Dozens of Sony cameras affected by a secret backdoor

Pierluigi Paganini December 07, 2016

Many Sony cameras could be hijacked by hackers and infected with Mirai-like malware due to the presence of a sort of secret backdoor.

Sony has closed a sort of debug backdoor that was spotted in 80 web-connected surveillance cameras. The hardcoded logins in the firmware of the Sony cameras can be exploited to hijack the devices and open the doors to Mirai like malware.

The flawed devices are branded Sony Professional Ipela Engine IP surveillance cameras.

The backdoor was discovered by Stefan Viehböck from SEC Consult in October, the expert reported the issue to Sony and the company fixed it with firmware updates.

“SEC Consult has found a backdoor in Sony IPELA Engine IP Cameras, mainly used professionally by enterprises and authorities. This backdoor allows an attacker to run arbitrary code on the affected IP cameras.” reads a blog post published by SEC Consult.”An attacker can use cameras to take a foothold in a network and launch further attacks, disrupt camera functionality, send manipulated images/video, add cameras into a Mirai-like botnet or to just simply spy on you. This vulnerability affects 80 different Sony camera models. Sony was informed by SEC Consult about the vulnerability and has since released updated firmware for the affected models.”


Sony thanked the experts for the support they provided.

“We are grateful to SEC Consult for their assistance in enhancing network security for our network cameras,” Sony said.

The expert spotted two hardcoded  permanently enabled application-level backdoor accounts in the web-based admin console:

  • User debug, Password: popeyeConnection
  • User primana, Password: primana

Both accounts are allowed to access specific, undocumented CGI functionality.

The expert explained that it is possible to remotely enable Telnet/SSH services and a backdoor allows an attacker to gain access to a Linux shell with root privileges.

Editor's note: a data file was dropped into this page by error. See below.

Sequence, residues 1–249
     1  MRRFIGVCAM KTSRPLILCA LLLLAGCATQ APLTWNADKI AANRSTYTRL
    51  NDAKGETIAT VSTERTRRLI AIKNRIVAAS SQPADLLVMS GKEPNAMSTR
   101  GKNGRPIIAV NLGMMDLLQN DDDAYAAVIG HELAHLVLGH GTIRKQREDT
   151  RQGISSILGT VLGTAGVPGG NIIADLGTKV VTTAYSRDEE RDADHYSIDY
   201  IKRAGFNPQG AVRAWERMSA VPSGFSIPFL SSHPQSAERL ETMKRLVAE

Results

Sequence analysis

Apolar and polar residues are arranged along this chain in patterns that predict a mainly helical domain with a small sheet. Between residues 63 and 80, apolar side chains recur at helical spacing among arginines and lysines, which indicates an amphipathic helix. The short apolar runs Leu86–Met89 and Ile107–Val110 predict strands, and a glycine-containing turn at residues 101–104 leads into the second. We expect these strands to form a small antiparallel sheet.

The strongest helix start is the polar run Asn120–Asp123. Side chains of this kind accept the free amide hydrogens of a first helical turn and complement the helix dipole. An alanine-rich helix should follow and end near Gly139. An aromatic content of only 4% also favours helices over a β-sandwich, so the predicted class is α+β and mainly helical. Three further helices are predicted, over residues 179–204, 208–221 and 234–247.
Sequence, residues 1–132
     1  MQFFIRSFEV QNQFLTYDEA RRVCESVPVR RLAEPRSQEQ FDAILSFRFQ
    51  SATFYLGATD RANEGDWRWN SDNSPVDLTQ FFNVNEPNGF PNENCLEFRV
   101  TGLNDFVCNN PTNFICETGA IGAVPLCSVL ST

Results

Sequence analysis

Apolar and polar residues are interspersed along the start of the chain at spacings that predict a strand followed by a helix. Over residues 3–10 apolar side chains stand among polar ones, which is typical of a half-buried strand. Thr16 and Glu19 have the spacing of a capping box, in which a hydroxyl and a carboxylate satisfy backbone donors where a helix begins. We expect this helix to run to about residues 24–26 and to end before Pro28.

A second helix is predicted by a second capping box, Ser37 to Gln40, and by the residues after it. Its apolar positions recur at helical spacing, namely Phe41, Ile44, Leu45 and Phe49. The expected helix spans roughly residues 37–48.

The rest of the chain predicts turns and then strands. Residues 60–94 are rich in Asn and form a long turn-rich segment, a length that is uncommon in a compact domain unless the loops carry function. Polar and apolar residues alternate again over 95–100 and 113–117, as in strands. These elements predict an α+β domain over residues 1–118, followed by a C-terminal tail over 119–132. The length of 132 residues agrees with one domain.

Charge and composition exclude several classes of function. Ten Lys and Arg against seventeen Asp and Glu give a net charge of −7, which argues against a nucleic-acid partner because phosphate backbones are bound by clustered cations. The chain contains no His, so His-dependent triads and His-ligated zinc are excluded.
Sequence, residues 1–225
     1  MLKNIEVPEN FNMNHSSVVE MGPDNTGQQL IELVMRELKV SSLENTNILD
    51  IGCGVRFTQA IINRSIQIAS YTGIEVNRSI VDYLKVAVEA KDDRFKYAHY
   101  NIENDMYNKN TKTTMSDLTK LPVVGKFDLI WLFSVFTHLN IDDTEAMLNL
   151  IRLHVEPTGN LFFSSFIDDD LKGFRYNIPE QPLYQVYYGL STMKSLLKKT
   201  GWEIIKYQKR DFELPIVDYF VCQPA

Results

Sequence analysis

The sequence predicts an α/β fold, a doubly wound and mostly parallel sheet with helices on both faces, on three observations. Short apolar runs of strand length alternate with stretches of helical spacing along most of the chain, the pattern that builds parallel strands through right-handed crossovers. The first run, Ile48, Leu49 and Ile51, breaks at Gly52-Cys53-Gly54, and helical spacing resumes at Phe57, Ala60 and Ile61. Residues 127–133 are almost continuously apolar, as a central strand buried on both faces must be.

“The vulnerabilities are exploitable in the default configuration over the network. Exploitation over the Internet is possible, if the web interface of the device is exposed.” continues the analysis.

The following URLs, once sent to a vulnerable web-facing device, will enable telnet access:


The requests trigger the prima-factory.cgi in Sony’s fifth-generation Ipela Engine cameras to open the backdoor by starting the inetd, which runs a telnet daemon on port 23. Devices belonging to Gen6 generation use the magic string “himitunokagi” (Japanese for “secret key”).

Once the telnet or SSH service is enabled, attacker can login as root and get command-line-level access to the OS. Below are the password hashes for the OS-level backdoor user:

$1$$mhF8LHkOmSgbD88/WrM790 (gen-5 models)
iMaxAEXStYyd6 (gen-6 models)

Ill-intentioned could easily crack the above root passwords, the researchers avoided to do it in order to prevent their exploitation in the wild.

Experts suggest the application of the security updates for the following Sony cameras:

SNC-CX600, SNC-CX600W, SNC-EB600, SNC-EB600B, SNC EB602R, SNC-EB630, SNC-EB630B, SNC-EB632R, SNC-EM600, SNC-EM601, SNC-EM602R, SNC-EM602RC, SNC-EM630, SNC-EM631, SNC-EM632R, SNC-EM632RC, SNC-VB600, SNC-VB600B, SNC-VB600B5, SNC-VB630, SNC-VB6305, SNC-VB6307, SNC-VB632D, SNC-VB635, SNC-VM600, SNC-VM600B, SNC-VM600B5, SNC-VM601, SNC-VM601B, SNC-VM602R, SNC-VM630, SNC-VM6305, SNC-VM6307, SNC-VM631, SNC-VM632R, SNC-WR600, SNC-WR602, SNC-WR602C, SNC-WR630, SNC-WR632, SNC-WR632C, SNC-XM631, SNC-XM632, SNC-XM636, SNC-XM637, SNC-VB600L, SNC-VM600L, SNC-XM631L, SNC-WR602CL, SNC-CH115, SNC-CH120, SNC-CH160, SNC-CH220, SNC-CH260, SNC-DH120, SNC-DH120T, SNC-DH160, SNC-DH220, SNC-DH220T, SNC-DH260, SNC-EB520, SNC-EM520, SNC-EM521, SNC-ZB550, SNC-ZM550, SNC-ZM551, SNC-EP550, SNC-EP580, SNC-ER550, SNC-ER550C, SNC-ER580, SNC-ER585, SNC-ER585H, SNC-ZP550, SNC-ZR550, SNC-EP520, SNC-EP521, SNC-ER520, SNC-ER521, and SNC-ER521C.

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Pierluigi Paganini

(Security Affairs – Sony Cameras, backdoors)

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